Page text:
Business Essentials for Professionals


FBI Backed by Bill Gates in its Battle with Apple over San Bernardino Killer's Phone

Claiming that the FBI is right to demand co-operation from Silicon Valley when it comes to terrorism investigations, the Microsoft co-founder Bill Gates has waded into the row between Apple and the US government investigating agency.

The Financial Times reported that Apple chief executive Tim Cook’s characterization of the case as a demand for a “back door” was also questioned by Gates.
“This is a specific case where the government is asking for access to information. They are not asking for some general thing, they are asking for a particular case,” Gates said.

“It is no different than [the question of] should anybody ever have been able to tell the phone company to get information, should anybody be able to get at bank records. Let’s say the bank had tied a ribbon round the disk drive and said, ‘Don’t make me cut this ribbon because you’ll make me cut it many times’,” he added.
However most of the Silicon Valley which includes Google’s Sundar Pichai and WhatsApp’s Jan Koum, and the NSA whistleblower Edward Snowden are on an opposite plank to the stand take by Gates after his intervention in the conflict that is taking the shape of a standoff between Apple and the FBI.  
A day ago, Apple found support from Mark Zuckerberg who also expressed support for Apple and said at the Mobile World Congress conference in Barcelona: “we’re sympathetic with Apple. We believe in encryption; we think that that’s an important tool”.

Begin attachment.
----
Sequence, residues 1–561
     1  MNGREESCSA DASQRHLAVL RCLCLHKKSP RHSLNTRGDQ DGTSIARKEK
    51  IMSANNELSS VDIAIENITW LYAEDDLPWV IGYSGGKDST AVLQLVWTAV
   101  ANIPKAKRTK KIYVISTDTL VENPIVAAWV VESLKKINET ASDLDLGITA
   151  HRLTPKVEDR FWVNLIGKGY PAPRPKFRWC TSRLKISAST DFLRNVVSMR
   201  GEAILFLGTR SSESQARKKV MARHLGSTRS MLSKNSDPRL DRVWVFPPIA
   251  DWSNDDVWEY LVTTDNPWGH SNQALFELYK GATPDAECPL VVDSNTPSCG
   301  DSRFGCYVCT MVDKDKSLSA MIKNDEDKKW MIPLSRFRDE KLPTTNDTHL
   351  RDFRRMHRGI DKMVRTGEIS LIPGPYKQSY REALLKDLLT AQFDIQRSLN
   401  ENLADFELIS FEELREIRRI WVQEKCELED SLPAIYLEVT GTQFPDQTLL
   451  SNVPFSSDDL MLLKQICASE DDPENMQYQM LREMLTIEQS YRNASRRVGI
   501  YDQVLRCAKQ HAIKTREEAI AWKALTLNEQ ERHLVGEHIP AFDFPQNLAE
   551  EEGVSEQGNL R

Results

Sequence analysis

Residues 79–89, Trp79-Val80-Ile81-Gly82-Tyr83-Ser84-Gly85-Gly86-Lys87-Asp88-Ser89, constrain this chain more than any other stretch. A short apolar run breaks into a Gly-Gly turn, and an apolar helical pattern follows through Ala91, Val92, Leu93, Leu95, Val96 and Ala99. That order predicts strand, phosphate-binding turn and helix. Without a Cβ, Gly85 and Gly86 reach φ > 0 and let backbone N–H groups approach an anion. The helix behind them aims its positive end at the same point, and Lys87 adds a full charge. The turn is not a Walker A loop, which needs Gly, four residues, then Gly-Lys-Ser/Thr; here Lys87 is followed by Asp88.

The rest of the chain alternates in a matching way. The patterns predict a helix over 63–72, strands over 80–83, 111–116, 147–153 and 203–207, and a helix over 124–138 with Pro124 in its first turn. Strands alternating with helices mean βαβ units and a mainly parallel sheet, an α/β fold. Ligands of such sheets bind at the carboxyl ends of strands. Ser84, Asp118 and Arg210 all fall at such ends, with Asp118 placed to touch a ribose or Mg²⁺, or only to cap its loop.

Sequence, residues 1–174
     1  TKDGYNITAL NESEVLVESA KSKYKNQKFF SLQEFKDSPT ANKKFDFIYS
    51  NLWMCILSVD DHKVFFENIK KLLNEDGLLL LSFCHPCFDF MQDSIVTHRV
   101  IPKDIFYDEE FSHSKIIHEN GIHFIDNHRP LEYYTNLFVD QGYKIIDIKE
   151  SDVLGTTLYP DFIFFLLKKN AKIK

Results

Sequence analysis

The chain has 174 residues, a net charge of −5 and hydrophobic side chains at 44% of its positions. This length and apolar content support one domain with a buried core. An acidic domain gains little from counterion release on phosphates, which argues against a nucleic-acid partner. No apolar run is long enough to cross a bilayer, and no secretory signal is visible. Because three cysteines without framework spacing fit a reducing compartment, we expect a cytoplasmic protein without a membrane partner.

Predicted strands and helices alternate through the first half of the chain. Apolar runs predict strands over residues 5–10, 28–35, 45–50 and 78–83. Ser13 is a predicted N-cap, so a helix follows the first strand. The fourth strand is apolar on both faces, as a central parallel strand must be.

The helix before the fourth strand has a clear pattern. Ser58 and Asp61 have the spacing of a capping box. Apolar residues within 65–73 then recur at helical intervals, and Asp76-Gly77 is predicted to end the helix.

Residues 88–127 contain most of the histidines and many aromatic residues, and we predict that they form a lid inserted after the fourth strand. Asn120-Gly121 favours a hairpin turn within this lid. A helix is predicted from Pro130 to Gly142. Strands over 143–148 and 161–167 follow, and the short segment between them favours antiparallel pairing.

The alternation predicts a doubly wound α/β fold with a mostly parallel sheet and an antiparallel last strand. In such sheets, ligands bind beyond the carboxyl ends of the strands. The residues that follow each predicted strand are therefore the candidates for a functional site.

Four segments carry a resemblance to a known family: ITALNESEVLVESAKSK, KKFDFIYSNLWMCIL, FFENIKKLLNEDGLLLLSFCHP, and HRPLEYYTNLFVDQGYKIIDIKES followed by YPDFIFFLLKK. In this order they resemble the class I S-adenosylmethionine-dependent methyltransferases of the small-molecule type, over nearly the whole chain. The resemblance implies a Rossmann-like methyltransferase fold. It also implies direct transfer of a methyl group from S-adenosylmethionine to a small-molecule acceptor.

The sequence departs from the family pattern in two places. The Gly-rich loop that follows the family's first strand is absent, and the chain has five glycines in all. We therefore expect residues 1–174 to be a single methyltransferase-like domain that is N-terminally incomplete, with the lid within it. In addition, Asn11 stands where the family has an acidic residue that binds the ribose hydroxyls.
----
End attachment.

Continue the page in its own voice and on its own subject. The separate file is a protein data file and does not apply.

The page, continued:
“I don’t think requiring backdoors with encryption is either going to be an effective way to increase security or is really the right thing to do for just the direction that the world is going to,” Zuckerberg added.
Even Gate’s own Microsoft has issued support for Apple, of a sort. A statement was released o Thursday by the Reform Government Surveillance industry lobby group that said that “technology companies should not be required to build in backdoors to the technologies that keep their users’ information secure.” Microsoft is a part member of that group.
Brad Smith, the chief legal officer of Microsoft had tweeted the statement which was again retweeted by Microsoft’s CEO, Satya Nadella.
The FBI intends to safely attempt to guess the passcode used to lock the phone, that belongs to and was used by the San Bernardino shooter, without accidentally triggering the destruction of data stored on the device and the federal agency has demanded that Apple rewrite the software on the iPhone in order to enable FBI to do so.
Cook suggested that such modifications would amount to inserting a “back door” in iPhones, and would “undermine the very freedoms and liberty our government is meant to protect” in a public letter that was released last week.

La Rédaction

Markets | Companies | M&A | Innovation | People | Management | Lifestyle | World | Misc